26 June 2015

US-Ukraine Strategic Partnership Lacks Strategy, Partnership

23 June 2015

When three influential American Russia experts call for a substantive US-Ukrainian strategic partnership, it’s time to listen.

Matthew Rojansky, director of Washington’s prestigious Kennan Institute at the Woodrow Wilson International Center for Scholars, Thomas E. Graham, former senior director for Russia on the National Security Council staff and currently with Kissinger Associates, and Michael Kofman, a public policy scholar at Kennan, recently wrote an important op-ed in which they criticized the “U.S.-Ukraine strategic partnership” for “lack[ing] both strategy and partnership.”

Please take note: the three experts take for granted that such a partnership exists and strongly imply that it should exist. They’re calling, not for establishing such a relationship, but for filling it with appropriate substance.

Here are their recommendations:

“First, Washington should endorse Kiev’s leading political figures and their agenda with the same degree of caution and circumspection as the Ukrainian people support them. ... Instead, the U.S. objective should be to work on the overarching problems that create instability and threaten Ukraine’s future: the disastrous state of the economy and the conflict with Russia. ... [Second], Washington should work with Kiev to lay the framework for a bilateral strategic partnership. This should be based on a clear definition of mutual interests and values, and realistic expectations for the short, middle and long term. Instead of a few favored partners or signature projects in Ukraine, Washington should look for spheres of cooperation that serve the interests of both nations. It must forget the tired formula of persuading Ukrainians to pick a pro-Western path as a vehicle for foiling Russian-led integration projects. A new approach can build a foundation for sustained bilateral engagement with Ukraine as a whole — well beyond the period after the fighting with Russia has ended. As it eventually will. [Third], Washington must demonstrate strategic patience. Ukraine will likely progress more slowly and more fitfully than Americans would prefer. A strategic partnership based on clearly defined values and interests will help both sides navigate the potential misunderstandings and significant challenges that lie ahead.”

The first point is spot on. America’s goals vis-a-vis Ukraine cannot be to promote any particular leader or leaders, but to advance good solutions to Ukraine’s main problems. As a result, Ukrainian policymakers should earn Washington’s support by bringing about the changes that regenerate the economy and end the war. That said, Washington must understand that reform cannot, and will not, ever come to pass if the former Regionnaires now grouped in the Opposition Bloc or the Communists return to power. America must be cautious and circumspect with respect to the national democrats, but it must reject outright the political groupings that embody corruption, thievery, thuggishness, lack of reform, Putinism, and Sovietism.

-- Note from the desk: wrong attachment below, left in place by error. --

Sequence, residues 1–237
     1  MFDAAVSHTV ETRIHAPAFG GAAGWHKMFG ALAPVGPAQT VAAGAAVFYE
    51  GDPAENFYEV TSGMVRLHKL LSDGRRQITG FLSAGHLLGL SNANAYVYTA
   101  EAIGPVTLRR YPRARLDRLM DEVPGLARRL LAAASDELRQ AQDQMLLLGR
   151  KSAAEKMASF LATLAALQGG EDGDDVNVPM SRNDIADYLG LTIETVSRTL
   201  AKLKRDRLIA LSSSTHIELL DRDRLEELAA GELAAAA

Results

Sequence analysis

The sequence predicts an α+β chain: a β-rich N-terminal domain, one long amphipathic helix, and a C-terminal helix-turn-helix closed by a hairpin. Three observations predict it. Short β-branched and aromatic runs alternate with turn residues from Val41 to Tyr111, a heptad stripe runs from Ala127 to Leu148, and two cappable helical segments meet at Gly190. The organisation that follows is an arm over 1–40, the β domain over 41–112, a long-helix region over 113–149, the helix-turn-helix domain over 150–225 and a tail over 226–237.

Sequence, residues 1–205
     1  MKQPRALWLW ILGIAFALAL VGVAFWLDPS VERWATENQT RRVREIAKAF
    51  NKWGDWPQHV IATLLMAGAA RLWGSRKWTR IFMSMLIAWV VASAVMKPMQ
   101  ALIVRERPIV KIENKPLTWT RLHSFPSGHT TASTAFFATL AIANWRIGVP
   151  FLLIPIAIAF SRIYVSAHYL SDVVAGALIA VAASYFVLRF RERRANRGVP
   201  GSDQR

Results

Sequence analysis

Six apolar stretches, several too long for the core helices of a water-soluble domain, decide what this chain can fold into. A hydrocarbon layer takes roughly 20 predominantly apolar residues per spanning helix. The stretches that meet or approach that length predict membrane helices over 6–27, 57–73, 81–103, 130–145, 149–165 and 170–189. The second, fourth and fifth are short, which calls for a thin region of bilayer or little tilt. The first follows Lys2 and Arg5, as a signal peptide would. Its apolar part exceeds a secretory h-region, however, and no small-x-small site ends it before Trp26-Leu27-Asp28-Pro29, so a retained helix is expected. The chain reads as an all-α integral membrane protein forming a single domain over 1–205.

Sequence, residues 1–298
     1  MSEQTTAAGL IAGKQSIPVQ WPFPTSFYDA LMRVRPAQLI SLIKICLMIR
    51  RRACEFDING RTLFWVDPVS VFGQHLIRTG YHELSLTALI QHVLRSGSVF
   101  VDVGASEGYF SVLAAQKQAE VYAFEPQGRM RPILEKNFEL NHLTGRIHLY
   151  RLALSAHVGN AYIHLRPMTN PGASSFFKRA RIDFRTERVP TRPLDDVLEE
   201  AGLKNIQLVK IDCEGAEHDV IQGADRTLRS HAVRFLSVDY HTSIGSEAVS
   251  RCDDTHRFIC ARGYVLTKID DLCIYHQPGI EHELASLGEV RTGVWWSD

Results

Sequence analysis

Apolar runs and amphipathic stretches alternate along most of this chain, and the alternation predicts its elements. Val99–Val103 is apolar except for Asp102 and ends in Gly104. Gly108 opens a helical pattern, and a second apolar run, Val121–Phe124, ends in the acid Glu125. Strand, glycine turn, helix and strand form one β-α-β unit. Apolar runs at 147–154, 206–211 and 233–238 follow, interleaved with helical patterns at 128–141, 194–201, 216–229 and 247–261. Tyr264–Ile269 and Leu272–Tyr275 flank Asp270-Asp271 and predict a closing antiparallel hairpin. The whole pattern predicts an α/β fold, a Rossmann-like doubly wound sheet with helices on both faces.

The second point is a bit too circumspect for my taste. In fact, the United States and Ukraine have a perfectly clear short- and middle-term interest: stopping Russian aggression and ending the war in eastern Ukraine. They also have an obvious long-term interest: promoting civilized international behavior by Russia. As to bilateral engagement with Ukraine “well beyond the period after the fighting with Russia has ended,” that too is obvious. Ukraine has the human capital and economic potential to become a leading middle power that could, if its transition to a consolidated democracy and prosperous market economy succeeds, play a positive, stabilizing role in Eurasian politics. Whether inside or outside the European Union and NATO, Ukraine could be as important an American ally as South Korea or Israel.

The third point is on the mark again. Ukrainians and Americans who think reforms are proceeding too slowly must get a grip on themselves and their expectations. For starters, reforms are taking place. Substantial macroeconomic stabilization has been achieved—no small feat. Decentralization is about to be introduced, while the budgets of local governing bodies have already been increased. New policepatrols are about to take to the streets in a few cities. No less important, painful measures have been implemented without undermining Ukraine’s democratic procedures. Supporters of faster reform forget that democracy is generally incompatible with vastly unpopular change. That Ukraine has managed to promote reform while transitioning to a post-Yanukovych democracy (and fighting a ruinous war!) is almost miraculous. Promoters of “big bangs” should remember that the greater and faster the reforms, the greater the concentration of political power, and the greater the likelihood of authoritarian rule.

These are all quibbles about the op-ed. The important thing is to recognize and promote the US-Ukraine strategic partnership and to supplement it with an EU-Ukraine strategic partnership

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